The High Level Group assists the Commission in developing policies to improve the long-term competitiveness of the EU retail sector.
The Members of the High Level Group have been appointed in December 2013.
The European Retail Action Plan (ERAP) identified restrictions on establishment as an important obstacle to a more competitive retail sector. These restrictions are often introduced or maintained to try to ensure a balanced and sustainable territorial development. However the proportionality and effectiveness of the measures need also to be properly evaluated so as they do not inappropriately restrict retail establishment. As foreseen in the ERAP, the Commission is currently carrying out with the Member States a peer review of the national rules applying to retail establishment in order to identify best practices. The Commission is organising a workshop on 8th July to allow stakeholders (retailers, consumers, representative of local governments etc.) to express their views and discuss this key issue. Registrations are now closed.
On 31 January 2013 the Commission adopted a “Communication setting up a European Retail Action Plan”. This Communication proposes actions to achieve a single market in retail by addressing the key obstacles that hinder the smooth functioning of this sector. It will enhance the economic, environmental and social performance of the retail sector and ensure that it fully contributes to the goals of the Europe 2020 Strategy. As part of this Action Plan, the Commission also adopted a Green Paper on unfair trading practices in the business-to-business food and non-food supply chain in Europe.
Communication tackling unfair trading practices (UTPs) in the business-to-business food supply chain
The Communication on unfair trading practices (UTPs) in the food supply chain is addressed to stakeholders and Member States. It acknowledges the potential of voluntary frameworks, in particular the Supply Chain Initiative launched in September 2013, and encourages all market operators to join the initiative and its national platforms. The Communication also encourages Member States to examine whether their current national regulatory frameworks are appropriate to address UTPs and to assess the effectiveness and credibility of their available mechanisms for the enforcement of rules against UTPs.
Study on the legal framework covering business-to-business unfair trading practices in the retail supply chain – 11.07.2014
(The study represents solely the opinion of the authors.)
Green Paper on unfair trading practices in the business-to-business food and non-food supply chain in Europe – 31.01.2013
This Green Paper makes an initial assessment of the problems posed by unfair trading practices in business-to-business relationships along the retail supply chain, including the lack of efficient enforcement of existing national rules and the resulting impact on the Single Market. The objective of the Green Paper was to launch a consultation with stakeholders on this analysis and to identify possible next steps in addressing the problem.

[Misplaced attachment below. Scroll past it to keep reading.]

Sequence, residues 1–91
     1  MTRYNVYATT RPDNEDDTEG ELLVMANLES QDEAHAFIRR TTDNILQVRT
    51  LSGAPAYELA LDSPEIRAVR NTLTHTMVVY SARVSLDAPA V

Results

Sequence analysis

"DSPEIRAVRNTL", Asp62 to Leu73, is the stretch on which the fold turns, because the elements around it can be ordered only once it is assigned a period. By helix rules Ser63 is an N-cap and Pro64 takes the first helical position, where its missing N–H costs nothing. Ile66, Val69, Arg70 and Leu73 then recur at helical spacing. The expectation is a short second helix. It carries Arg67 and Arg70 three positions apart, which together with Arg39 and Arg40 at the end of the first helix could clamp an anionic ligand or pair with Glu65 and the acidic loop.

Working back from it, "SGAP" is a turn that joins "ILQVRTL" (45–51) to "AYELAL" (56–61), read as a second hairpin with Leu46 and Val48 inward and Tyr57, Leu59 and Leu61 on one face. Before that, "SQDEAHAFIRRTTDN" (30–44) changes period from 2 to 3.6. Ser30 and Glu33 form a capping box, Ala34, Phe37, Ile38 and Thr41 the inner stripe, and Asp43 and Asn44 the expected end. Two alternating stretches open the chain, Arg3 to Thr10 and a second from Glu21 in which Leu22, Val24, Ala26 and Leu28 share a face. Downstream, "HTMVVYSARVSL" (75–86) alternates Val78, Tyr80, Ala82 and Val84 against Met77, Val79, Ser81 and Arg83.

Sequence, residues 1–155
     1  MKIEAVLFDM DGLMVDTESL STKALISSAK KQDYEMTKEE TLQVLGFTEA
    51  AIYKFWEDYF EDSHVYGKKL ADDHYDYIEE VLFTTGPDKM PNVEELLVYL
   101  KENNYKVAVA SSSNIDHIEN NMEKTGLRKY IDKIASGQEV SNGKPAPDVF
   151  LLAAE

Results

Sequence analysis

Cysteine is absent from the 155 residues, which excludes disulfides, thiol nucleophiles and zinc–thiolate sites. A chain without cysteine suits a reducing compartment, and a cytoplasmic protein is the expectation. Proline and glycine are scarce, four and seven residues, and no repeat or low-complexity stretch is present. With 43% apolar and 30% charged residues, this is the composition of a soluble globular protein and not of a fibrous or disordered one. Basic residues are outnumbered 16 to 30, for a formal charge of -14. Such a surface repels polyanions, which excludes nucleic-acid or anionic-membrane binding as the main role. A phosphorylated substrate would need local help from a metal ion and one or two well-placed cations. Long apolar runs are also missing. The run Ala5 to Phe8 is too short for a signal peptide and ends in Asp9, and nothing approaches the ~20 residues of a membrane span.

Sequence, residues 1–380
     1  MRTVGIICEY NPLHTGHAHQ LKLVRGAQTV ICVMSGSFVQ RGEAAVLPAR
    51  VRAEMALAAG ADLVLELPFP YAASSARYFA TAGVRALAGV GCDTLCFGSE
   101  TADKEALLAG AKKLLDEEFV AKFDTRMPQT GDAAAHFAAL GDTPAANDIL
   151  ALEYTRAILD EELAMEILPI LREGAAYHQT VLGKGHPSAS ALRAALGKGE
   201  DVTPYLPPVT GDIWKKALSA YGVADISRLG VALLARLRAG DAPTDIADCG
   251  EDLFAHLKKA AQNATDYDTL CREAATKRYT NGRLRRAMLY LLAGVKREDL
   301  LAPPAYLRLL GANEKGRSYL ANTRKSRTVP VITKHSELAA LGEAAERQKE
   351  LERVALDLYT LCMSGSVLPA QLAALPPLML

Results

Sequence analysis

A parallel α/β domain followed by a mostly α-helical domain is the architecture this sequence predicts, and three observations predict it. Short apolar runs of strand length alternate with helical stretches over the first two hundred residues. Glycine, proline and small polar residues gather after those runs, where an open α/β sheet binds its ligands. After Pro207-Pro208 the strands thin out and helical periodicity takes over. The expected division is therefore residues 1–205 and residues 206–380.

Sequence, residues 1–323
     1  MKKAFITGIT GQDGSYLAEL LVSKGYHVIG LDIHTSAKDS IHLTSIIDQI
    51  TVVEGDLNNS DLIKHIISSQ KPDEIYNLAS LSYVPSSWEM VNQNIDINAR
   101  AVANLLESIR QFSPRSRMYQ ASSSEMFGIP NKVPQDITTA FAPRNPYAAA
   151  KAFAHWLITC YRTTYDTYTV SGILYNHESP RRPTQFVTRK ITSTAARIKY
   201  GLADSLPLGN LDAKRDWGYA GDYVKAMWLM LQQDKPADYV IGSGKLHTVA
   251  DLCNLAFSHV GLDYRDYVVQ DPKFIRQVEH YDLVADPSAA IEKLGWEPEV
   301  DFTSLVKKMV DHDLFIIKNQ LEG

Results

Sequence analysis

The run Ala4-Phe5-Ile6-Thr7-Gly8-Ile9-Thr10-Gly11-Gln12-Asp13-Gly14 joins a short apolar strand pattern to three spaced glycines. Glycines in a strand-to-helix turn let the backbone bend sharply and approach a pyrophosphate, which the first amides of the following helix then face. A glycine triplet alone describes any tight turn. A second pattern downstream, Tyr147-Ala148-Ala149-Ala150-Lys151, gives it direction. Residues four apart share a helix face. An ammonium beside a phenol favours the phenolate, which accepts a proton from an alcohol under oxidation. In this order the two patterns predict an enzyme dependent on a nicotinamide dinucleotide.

Workshops: Towards an European Retail Action Plan – February-March 2012
The aim of the workshops was to bring together interested parties to discuss the future of retail services in Europe and the need for a European Retail Action Plan.
- Minutes of the third workshop (30.03.2012)
- Minutes of the second workshop (02.03.2012)
- Minutes of the first workshop (03.02.2012)
European Parliament resolution on a more efficient and fairer retail market – 05.07.2011
Report on the EBTP questionnaire on unfair business to business trading practices – 15.02.2011
Retail Market Monitoring: Report on barriers hampering more efficient and fairer retail services in Europe – 05.07.2010
The report and the accompanying Commission staff working document provide factual and comprehensive analysis of the EU retail sector so as to identify possible market malfunctioning.
A public consultation was also launched following the adoption of this report.
Communication on a better functioning food supply chain in Europe – October 2009
The sharp decline in agricultural commodity prices alongside persistently high consumer food prices has raised concerns on the efficiency of this crucial sector of the European economy. The Communication proposes concrete policy actions at Member States and EU levels to improve the functioning of the food supply chain in Europe.
Communication on Food prices in Europe – 09.12.2008
Between 2007 and summer 2008 the prices of agricultural products such as cereals and milk increased at an exceptionally high speed. This price increase was largely reflected in higher prices for food. As a result the purchasing power of the average European household declined by around 1%, with low income household being hit even harder. In light of this, the European Council asked the European Commission to investigate the causes of this surge in food prices.
In December 2008 the Commission adopted a Communication on Food Prices in Europe.